I had an important job interview Monday. A job interview that will most likely be the difference between moving up this year or waiting 4 years for another opening to become available. Although I am confident in who I am and what I bring to the table in my career, it would be insane not to feel nervous faced with such a lengthy potential wait.
I brainstormed skills and accomplishments I wanted to work into my answers at the interview. I picked out a power suit. I even did my hair and smeared some mascara on. And then it was time.
And now it's done. It went okay. I don't think I knocked it out of the park but at least I didn't sit there mute and sweating profusely. I'd score myself a B-. Thankfully, I have a strong resume and writing sample to go with it. I'm also hoping my reputation brings some boys to the yard. We'll see.
Reflecting on the interview later, the thing I'm proud of was my answer to the question asking me to provide three words to describe myself. Bear in mind this is in an interview setting. Because all bets are off in a non interview setting.
But in the interview setting, the three words that popped out of my mouth were bright, optimistic and kind. When I tell people this, they tend to look confused when I get to "kind." Like what on Earth does kind have to do with a job interview for a managerial type leadership position?
Thankfully, during the interview I managed to bring "kind" into perspective by citing an article written by Colin Powell that I read several months ago in Parade magazine (I know! I'm so high brow in my reading! Don't be jealous!).
He wrote about the importance of kindness in leadership recounting that parking attendants at the White House confessed to him that they parked cars based on how nice people were entering the garage. No acknowledgment of the attendants got your car boxed in nice and tight so you'd get to wait at the end of the day. Friendly and maybe even knowing the attendant's name got you prime real estate with no wait at the end of the day.
He expanded that out idea out to a theory that building a reputation for kindness and empathy made employees more likely to accept difficult decisions because they'd know that you wouldn't make a decision arbitrarily or without regard to people. And because they know that, they'd know that the decision must have been the right and only decision that could be made. And knowing that they'd be more likely to accept the decision even though they didn't like the decision or necessarily agree with it.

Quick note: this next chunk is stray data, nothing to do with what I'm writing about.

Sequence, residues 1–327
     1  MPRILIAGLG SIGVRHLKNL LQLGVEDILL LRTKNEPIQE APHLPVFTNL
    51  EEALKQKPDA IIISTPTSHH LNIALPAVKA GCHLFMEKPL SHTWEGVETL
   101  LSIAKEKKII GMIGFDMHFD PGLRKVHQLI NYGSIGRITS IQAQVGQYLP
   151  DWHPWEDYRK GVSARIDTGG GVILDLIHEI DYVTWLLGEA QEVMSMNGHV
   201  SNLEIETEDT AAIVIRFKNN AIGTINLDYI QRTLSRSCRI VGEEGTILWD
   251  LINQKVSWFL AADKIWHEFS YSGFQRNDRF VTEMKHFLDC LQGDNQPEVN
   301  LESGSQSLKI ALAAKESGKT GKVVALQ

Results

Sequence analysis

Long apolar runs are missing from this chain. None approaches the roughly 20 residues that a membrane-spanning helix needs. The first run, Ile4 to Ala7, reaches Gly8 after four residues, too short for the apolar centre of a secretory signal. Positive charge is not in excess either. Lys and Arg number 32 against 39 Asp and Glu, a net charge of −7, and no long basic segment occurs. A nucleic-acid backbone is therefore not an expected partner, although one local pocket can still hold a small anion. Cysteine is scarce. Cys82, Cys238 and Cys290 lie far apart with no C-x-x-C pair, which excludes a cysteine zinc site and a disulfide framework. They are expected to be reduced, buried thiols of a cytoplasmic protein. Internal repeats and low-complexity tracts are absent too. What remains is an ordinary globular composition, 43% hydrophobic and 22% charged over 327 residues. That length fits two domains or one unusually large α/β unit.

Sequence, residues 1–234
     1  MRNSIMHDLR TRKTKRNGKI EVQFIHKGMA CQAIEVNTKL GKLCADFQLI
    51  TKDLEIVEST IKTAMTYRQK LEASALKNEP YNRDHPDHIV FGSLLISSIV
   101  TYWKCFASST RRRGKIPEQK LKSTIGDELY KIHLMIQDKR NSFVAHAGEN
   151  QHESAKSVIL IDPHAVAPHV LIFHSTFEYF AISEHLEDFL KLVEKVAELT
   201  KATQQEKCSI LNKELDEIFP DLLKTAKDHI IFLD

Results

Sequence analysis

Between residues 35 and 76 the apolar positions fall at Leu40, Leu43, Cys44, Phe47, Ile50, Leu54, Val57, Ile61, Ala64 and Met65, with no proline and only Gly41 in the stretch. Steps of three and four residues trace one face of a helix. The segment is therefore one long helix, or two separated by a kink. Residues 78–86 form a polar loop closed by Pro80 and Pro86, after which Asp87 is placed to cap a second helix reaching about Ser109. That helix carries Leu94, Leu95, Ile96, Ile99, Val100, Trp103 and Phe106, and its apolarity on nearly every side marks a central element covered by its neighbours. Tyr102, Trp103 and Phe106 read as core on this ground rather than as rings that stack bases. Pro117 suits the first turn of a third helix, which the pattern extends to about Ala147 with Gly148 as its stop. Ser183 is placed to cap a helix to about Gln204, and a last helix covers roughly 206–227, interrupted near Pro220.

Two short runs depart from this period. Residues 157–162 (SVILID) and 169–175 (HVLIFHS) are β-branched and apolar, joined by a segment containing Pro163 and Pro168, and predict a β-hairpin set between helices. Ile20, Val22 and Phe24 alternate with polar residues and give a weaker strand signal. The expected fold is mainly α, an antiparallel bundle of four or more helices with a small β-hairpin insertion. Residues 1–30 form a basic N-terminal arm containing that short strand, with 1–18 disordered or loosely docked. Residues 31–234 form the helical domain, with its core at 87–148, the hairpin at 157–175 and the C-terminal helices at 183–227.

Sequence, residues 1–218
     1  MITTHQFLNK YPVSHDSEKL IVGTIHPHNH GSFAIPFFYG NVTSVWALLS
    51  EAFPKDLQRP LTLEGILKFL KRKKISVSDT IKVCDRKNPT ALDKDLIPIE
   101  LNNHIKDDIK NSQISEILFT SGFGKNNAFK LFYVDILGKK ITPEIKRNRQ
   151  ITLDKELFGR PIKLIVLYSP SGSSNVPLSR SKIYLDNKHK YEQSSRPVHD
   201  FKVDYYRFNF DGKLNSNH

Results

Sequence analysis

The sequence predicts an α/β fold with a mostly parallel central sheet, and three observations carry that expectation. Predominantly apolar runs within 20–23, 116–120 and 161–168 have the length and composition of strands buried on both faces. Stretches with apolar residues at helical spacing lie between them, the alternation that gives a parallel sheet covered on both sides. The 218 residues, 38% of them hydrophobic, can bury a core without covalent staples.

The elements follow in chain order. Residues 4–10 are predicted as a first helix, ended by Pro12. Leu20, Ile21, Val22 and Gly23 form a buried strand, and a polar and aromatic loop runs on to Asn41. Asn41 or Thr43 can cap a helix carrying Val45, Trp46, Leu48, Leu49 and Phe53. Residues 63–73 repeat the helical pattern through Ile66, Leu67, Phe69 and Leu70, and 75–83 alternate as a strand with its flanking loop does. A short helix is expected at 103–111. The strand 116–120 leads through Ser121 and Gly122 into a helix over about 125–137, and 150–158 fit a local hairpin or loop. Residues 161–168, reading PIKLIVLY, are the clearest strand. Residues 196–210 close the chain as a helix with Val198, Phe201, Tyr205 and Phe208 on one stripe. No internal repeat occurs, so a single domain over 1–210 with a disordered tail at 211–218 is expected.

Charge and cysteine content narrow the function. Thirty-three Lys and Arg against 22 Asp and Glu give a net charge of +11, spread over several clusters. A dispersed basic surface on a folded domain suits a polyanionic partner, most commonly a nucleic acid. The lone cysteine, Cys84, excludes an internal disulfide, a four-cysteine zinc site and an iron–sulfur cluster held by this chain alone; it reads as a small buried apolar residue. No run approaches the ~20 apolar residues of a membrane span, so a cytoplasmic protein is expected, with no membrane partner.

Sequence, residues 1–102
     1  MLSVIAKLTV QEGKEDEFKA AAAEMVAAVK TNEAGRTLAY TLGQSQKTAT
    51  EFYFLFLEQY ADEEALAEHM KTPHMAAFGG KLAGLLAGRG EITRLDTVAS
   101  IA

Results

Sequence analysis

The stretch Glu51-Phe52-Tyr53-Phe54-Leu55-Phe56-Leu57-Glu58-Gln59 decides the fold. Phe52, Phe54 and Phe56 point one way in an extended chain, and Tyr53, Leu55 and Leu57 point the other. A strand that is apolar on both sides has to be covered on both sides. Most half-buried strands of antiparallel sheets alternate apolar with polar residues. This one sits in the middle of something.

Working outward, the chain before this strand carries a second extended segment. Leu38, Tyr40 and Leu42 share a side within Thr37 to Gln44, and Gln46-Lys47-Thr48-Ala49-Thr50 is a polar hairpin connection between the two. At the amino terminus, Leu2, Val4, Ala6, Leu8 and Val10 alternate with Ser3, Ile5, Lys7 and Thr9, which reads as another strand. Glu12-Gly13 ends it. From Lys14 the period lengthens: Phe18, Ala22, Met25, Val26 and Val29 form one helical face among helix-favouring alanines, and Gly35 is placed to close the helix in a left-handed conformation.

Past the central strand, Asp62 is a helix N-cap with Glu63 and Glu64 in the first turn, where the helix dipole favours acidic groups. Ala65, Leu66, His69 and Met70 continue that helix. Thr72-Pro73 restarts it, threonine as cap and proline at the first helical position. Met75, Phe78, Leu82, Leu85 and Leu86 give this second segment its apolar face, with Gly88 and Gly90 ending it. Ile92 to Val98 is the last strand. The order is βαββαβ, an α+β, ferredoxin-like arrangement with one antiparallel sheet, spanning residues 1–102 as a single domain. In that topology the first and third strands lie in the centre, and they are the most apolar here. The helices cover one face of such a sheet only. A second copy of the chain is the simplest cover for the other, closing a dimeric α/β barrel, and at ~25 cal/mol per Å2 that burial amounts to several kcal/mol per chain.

His words resonated with me. More than any article I've ever read. I even ripped it out and hung it on the wall next to my desk raggedy torn edge and all. It articulates better than I ever could what I believe in and how I carry myself in the office. I'm the girl that knows what grade your kids are in and asks what Santa will be bringing them this year. I'm the girl that greets even the must unfriendly of colleagues with a friendly hello and doesn't let the lack of response stop me from greeting them the exact same way next time. I'm the kind of girl that notices if someone looks tired and asks if you're okay. And it goes without saying that I always have a tissue box on hand in case anyone needs me to play therapist or hold their hand.
I especially love that Colin Powell mentioned that kind doesn't mean weak or being a pushover. Because anyone that knows me will vouch for the fact that I am the polar opposite of a push over. There is a reason my husband bought me a t-shirt that says "El Capitan" and thinks it is the funniest and most accurate t-shirt for me. Kindness just means that while I'm not letting you push me over, I'm still nice about it and can smile and laugh with you. Kindness means bad news gets delivered with empathy. I firmly believe it's not what you say but how you say it. I get away with a lot of brutal honesty directly to people's faces. I think I get away with it because people know I'm coming from a good place and as a result are less likely to take things the wrong way.
It didn't occur to me until later that day that most people probably don't go with "kind" in a interview for a leadership position. I'm thinking strong, assertive, strategic and sharp might get mentioned. I also wondered if I had inadvertently fed into the stereotype of the overly touchy feely type of girl in the workplace.
But then I decided I didn't care about any of that. I decided a long time ago that I'm not going to pretend I'm something that I'm not to get ahead. I also decided that I refuse to suck up or act like a stupid idea is the greatest idea I've ever heard. If that means I have to wait a little longer to move up, so be it. I sleep really well at night and I don't have any problem looking people in the eye. But if I'm slightly out of the norm from everyone else trying to climb the corporate ladder and wandering around in left field, I must admit that I love knowing I'm not alone in left field. And if you're going to have someone in left field with you, Colin Powell is pretty great company.